What the film does badly? There are few things that are never explained or are simply slip ups. One of the largest is Joe going through withdrawal. It takes him one day of shaking like a leaf. The next, he’s fine. Another is the local boss Joe works for, Abe (a wonderfully scruffy Jeff Daniels), who supposedly comes from the future to run the loopers. It is impressed upon us how bad it is for there to exist two identical people in the same time period, so how can Abe be hanging around without worry? His younger self has to still exist.
However, those are small potatoes. Visually, emotionally and character-wise, we get taken on a vivid, mindbending journey. Sometimes the camera lingers on details, like a ceramic ashtray or the brilliance of the eye color that the Joes both sport, and it seems to do so just for the pleasure of putting it on celluloid. Gordon-Leavitt wore prosthetics and contacts to transform his looks into ones that would compare with Willis. His face was broadened and his nose changed to exactly the shape of Willis’. Although I would still never really believe JGL would turn into Bruce Willis (I personally think JGL will age much more handsomely. Is my crush showing?), they do a fabulous job of matching the look. And the filmmakers make sure to match things like a cut in the ear in Joe showing up as a scar in Old Joe. Some pieces of action are pushed into Matrix-slow mo, but the comparison is never overwhelming or unwelcome; it simply draws the eye.
One of the other pleasures of this film is canoodling with the idea of the present affecting the future, and the future affecting the present and of other kinds of loops. Can you break your future loop? Can you break someone else’s loop? Can the actions of one person change the world? Would your memories of the future start changing if you went back in time? Moral dilemmas abound and some of the choices made by the characters may surprise you. Even the most basic character has layers, motivation beyond simple greed or evil. The intricacies of time travel are wisely sidestepped for the most part, with Old Joe’s character joking that if they started talking about it, they’d fruitlessly be trying to make diagrams out of straws.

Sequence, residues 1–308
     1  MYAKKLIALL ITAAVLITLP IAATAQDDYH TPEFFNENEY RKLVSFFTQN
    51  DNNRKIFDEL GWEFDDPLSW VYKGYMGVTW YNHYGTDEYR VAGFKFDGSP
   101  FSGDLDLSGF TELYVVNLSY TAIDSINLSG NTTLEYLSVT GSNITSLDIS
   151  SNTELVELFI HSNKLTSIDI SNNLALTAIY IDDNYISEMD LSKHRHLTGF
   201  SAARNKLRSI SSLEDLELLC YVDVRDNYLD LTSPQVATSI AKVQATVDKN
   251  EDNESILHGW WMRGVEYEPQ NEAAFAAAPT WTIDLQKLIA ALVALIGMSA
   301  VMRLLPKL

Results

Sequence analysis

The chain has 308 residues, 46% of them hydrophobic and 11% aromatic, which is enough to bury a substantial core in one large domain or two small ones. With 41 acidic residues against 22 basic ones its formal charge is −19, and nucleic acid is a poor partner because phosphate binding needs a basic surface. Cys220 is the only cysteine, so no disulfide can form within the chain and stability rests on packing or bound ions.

An unexpected direction the film takes is about the connections between all of us. Young Joe has never truly connected with another human in his life, and is missing it without being fully cognizant of it. But Old Joe has, and it changes all of his motivations. When Young Joe is thrown into a situation that requires beginning to connect with other people, he starts to understand how love can turn your world instead of the greed and self-indulgence that has always marked his own life.
The acting is great from everyone. Joseph Gordon-Leavitt is always believable, showing moments of vulnerability along with bravado and anger. I am sure many people thought JGL wouldn’t work as an assassin, but he carries it off effortlessly. Bruce Willis is happily enjoying his resurgence in acting, and plays his role well. Strong performances from Jeff Daniels, Noah Segan as one of the “Gatmen,” Emily Blunt as a tough and conflicted mother and Pierce Gagnon as a serious kid on the cusp round out the cast.
I don’t go to many movies nowadays where I don’t see the ending coming. I didn’t see half of what was coming in this film, and that made it exciting and filled with “Aha!” moments. While I can’t say it was a perfect movie, I can say I thrilled to its ups and downs and would even, dare I say, watch it again to catch bits I’m sure I missed the first time. When the audience bursts into applause at the end, you know you’ve got a winner.